Keywords: Disability, Great Recession, labour market transitions
    JEL: I13 I38 J14
    Date: 2016–04
  20. By: Gloria Di Caprera (CEIS,University of Rome "Tor Vergata")
    Abstract: This work investigates the casual effect of childcare attendance on children's school achievements. We analyse data about children's school outcomes in mathematics and language focusing on pupils attending second and fifth grade in Italian primary school in conjunction with data providing public childcare coverage at provincial level. Using IV identification strategy, we show that childcare attendance leads to better school outcomes and early investment in education boosts both mathematics and language skills. For both school grades our results highlight a positive and significant effect of childcare attendance on children's school achievements which does not dissipate over time.
    Keywords: Early investment in education, childcare attendance, children's cognitive outcomes
    JEL: J13 I26 H75
    Date: 2016–05–09
  21. By: Halla, Martin (University of Innsbruck); Mayr, Harald (University of Zurich); Pruckner, Gerald J. (University of Linz); Garcia-Gomez, Pilar (Erasmus University Rotterdam)
    Abstract: The incidence of Cesarean deliveries (CDs) has been on the rise. The procedure's cost and benefits are discussed controversially; in particular, since non-medically indicated cases seem widespread. We study the effect of CDs on subsequent fertility and maternal labor supply. Identification is achieved by exploiting variation in the supply-side's incentives to induce non-medically indicated CDs across weekdays. On weekends and public holidays obstetricians' are less likely to induce CDs (due tighter capacity constraints in hospital). On Fridays and other days preceding a holiday, they face an increased incentive to induce CDs (due to their demand for leisure on non-working days). We use high-quality administrative data from Austria. Women giving birth on different weekdays are pre-treatment observationally identical. Our instrumental variable estimates show that a non-planned CD at parity one decreases life cycle fertility by almost 17 percent. This reduction in fertility translates into a temporary increase in maternal employment.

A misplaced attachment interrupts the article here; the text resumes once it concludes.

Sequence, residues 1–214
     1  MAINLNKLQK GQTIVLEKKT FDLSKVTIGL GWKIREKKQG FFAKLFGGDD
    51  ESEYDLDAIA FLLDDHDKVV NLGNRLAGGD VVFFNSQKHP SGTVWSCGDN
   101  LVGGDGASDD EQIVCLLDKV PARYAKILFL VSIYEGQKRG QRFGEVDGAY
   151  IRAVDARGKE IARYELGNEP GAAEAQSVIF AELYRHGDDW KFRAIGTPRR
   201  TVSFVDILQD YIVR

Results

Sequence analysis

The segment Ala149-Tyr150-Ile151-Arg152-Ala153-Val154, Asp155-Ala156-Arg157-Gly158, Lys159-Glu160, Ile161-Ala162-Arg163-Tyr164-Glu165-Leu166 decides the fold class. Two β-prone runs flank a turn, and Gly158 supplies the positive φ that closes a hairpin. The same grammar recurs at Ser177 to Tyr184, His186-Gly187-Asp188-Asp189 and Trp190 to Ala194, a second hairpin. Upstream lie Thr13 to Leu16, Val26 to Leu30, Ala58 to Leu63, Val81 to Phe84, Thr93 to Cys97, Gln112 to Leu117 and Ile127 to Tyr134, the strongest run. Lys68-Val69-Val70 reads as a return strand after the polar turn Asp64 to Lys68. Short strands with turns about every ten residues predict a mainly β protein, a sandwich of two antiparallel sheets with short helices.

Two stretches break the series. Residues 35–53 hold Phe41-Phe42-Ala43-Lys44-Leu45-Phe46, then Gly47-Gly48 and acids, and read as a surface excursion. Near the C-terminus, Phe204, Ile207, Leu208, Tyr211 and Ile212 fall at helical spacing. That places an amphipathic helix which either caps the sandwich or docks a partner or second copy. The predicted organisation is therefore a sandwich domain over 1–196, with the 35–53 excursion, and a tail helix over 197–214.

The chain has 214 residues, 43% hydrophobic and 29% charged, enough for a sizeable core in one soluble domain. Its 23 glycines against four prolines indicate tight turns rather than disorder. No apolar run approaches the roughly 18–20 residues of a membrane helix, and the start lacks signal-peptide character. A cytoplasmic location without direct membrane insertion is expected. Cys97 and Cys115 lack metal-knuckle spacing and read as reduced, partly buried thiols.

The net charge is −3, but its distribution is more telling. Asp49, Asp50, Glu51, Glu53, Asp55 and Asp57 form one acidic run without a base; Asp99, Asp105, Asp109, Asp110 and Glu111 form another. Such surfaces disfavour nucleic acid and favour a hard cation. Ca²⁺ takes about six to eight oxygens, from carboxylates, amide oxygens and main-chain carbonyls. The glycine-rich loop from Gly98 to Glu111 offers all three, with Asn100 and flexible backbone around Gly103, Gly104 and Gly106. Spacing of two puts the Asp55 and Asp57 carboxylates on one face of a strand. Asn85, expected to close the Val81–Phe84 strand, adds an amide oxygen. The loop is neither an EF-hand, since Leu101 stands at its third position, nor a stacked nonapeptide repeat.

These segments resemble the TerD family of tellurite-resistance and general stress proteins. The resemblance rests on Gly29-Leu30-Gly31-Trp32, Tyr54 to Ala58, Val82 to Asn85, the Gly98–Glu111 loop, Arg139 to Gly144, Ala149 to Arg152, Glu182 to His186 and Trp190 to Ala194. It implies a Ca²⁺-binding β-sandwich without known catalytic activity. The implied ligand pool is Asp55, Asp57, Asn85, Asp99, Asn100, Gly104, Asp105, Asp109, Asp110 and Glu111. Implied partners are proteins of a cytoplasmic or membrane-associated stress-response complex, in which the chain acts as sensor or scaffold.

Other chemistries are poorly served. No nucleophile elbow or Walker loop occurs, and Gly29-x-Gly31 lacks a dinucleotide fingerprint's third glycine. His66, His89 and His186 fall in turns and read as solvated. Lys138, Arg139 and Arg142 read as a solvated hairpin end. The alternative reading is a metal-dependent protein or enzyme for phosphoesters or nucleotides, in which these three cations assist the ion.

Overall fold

Keywords: Caesarean delivery, Caesarean section, fertility, female labor supply
    JEL: I12 J13 J11 J22 J21
    Date: 2016–04

This nep-eur issue is ©2016 by Giuseppe Marotta. It is provided as is without any express or implied warranty. It may be freely redistributed in whole or in part for any purpose. If distributed in part, please include this notice.
General information on the NEP project can be found at For comments please write to the director of NEP, Marco Novarese at <>. Put “NEP” in the subject, otherwise your mail may be rejected.
NEP’s infrastructure is sponsored by the School of Economics and Finance of Massey University in New Zealand.